A new standard, developed by the U.S. Coast Guard along with Transport Canada, is just starting to show up. It looks to improve on the vague types with four icons, each with a number (50, 70, 100, and 150) describing the amount of flotation in newtons and a picture of a swimmer representing the distance from shore, the idea being: the farther from shore, the longer the rescue and the more flotation needed. Most paddlers will want a 70, which provides plenty of floatation without restricting movement. With either standard, paddling PFDs come in three different designs: inherent, made of foam; inflatable, which has a gas canister that inflates a bag to create buoyancy; and hybrid, which has a smaller amount of foam supplemented with inflation.
How to Choose the Right PFD for You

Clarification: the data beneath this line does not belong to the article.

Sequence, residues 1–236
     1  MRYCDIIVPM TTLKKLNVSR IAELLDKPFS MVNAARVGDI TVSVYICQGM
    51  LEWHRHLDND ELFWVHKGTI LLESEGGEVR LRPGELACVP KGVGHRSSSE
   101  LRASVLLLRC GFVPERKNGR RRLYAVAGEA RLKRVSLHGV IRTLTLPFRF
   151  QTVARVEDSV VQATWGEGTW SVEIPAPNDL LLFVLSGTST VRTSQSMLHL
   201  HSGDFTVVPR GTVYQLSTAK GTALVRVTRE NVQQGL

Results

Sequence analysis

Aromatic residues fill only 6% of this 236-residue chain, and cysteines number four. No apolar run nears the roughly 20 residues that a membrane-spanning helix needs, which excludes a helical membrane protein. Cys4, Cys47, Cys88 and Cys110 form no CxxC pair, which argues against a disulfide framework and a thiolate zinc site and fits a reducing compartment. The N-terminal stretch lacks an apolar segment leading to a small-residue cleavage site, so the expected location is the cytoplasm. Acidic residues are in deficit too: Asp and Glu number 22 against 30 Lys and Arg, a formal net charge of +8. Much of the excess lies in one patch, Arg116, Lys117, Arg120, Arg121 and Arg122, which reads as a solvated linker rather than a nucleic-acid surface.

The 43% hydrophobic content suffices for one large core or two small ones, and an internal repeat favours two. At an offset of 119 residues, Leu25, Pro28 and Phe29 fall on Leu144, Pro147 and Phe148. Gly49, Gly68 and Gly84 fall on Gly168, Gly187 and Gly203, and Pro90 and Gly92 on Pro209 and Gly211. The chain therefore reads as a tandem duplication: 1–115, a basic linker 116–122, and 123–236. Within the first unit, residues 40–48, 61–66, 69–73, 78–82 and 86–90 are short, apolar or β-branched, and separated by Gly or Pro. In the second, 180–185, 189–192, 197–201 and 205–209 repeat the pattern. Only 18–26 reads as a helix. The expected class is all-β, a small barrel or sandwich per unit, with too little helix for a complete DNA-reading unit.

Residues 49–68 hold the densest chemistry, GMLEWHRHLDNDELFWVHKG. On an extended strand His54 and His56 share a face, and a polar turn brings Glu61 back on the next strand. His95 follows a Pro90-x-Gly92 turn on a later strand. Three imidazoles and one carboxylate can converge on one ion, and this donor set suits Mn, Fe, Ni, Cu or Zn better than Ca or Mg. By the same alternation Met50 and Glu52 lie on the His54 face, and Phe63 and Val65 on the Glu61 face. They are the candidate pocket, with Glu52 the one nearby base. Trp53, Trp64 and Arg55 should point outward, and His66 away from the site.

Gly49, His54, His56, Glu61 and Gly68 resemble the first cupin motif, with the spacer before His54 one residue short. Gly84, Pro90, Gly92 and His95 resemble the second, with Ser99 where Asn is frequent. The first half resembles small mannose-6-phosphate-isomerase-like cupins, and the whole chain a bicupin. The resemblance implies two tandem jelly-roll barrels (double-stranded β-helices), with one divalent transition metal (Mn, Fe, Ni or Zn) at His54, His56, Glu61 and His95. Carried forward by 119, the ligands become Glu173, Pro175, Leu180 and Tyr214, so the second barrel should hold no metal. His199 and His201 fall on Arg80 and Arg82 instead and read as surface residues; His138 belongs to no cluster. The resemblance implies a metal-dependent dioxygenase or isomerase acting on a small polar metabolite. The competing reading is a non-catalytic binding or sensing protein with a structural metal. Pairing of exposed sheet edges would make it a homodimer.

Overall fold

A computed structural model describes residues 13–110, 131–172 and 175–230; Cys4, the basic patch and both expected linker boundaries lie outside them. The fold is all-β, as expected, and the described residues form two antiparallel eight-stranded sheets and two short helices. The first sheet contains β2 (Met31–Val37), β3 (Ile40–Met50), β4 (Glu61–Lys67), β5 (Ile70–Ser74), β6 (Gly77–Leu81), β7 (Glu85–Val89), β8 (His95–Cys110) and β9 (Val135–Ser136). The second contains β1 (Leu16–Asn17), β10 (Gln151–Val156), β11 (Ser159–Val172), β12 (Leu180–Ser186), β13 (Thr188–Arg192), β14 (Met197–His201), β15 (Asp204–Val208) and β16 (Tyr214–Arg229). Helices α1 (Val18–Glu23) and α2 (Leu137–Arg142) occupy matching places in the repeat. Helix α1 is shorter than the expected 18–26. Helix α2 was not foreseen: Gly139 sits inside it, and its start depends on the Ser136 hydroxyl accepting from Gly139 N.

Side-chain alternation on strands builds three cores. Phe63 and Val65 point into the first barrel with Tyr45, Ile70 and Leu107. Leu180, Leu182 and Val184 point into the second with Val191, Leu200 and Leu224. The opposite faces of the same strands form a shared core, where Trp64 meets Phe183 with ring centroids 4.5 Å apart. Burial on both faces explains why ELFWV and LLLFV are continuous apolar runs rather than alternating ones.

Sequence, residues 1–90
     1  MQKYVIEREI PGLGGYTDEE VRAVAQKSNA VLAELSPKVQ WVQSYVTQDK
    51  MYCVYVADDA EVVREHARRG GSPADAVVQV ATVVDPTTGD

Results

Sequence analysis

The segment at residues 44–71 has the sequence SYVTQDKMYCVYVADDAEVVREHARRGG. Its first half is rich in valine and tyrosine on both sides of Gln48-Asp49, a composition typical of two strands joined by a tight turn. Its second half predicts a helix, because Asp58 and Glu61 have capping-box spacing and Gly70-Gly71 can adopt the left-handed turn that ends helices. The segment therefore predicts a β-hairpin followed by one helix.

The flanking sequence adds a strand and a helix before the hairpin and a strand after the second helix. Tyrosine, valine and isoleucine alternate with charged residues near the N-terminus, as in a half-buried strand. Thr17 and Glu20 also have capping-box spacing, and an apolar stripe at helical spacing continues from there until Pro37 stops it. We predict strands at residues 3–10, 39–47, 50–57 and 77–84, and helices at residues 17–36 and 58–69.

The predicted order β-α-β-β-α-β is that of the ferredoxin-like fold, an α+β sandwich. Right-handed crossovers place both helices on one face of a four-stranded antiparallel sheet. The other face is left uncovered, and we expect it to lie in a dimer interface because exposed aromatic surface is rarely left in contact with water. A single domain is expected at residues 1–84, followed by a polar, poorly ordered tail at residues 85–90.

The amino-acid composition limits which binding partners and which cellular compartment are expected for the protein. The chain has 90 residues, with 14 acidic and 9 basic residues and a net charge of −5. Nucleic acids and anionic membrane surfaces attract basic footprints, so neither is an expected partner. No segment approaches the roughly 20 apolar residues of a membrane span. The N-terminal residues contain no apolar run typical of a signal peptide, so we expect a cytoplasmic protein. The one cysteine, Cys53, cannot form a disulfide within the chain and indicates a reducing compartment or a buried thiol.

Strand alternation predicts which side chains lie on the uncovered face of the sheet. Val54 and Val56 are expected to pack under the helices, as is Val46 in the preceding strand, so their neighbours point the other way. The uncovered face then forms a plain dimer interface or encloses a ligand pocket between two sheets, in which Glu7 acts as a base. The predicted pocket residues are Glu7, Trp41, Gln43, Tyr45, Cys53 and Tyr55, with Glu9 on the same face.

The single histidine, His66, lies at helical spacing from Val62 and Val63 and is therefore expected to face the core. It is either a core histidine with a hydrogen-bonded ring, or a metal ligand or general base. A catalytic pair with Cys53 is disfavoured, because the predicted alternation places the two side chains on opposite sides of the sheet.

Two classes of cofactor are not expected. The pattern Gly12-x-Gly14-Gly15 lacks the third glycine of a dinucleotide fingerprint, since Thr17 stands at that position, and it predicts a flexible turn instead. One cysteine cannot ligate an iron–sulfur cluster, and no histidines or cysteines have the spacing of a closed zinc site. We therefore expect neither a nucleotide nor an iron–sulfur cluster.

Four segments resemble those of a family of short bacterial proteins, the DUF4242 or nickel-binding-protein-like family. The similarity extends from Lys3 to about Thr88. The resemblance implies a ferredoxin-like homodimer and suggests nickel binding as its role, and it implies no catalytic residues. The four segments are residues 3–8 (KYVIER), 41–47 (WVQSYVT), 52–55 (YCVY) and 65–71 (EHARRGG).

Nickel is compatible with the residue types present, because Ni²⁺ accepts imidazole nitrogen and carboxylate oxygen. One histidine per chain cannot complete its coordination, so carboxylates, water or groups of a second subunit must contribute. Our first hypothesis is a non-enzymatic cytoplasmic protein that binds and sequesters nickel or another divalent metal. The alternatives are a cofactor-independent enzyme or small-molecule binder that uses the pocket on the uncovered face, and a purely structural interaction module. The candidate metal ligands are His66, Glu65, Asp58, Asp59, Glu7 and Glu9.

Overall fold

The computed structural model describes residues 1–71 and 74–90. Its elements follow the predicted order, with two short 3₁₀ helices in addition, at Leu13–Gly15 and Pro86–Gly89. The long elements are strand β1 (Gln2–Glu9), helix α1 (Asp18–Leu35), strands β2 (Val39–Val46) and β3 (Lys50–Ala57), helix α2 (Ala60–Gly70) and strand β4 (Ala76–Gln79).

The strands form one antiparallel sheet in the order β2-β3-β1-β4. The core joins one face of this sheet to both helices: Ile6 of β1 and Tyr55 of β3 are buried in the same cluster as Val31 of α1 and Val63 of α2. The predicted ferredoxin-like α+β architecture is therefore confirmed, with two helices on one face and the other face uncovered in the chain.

Deciding which type of PFD suits your needs depends on the kind of water you’ll be paddling and how much time you might spend swimming, says Anderson. The always-ready-to-float, inherent buoyancy of foam is invariably the safest, he says, and you should consider only foam PFDs if you prefer whitewater, surf, or exposed open water. However, wrapping around a good portion of the upper body, this style of floatation is hotter and more restrictive than inflatables. Foam PFDs come in a range of styles that all look similar but vary in cut and features. For instance, most of the foam on Astral’s YTV SE ($120) is placed low, leaving the shoulders unencumbered for easier paddling.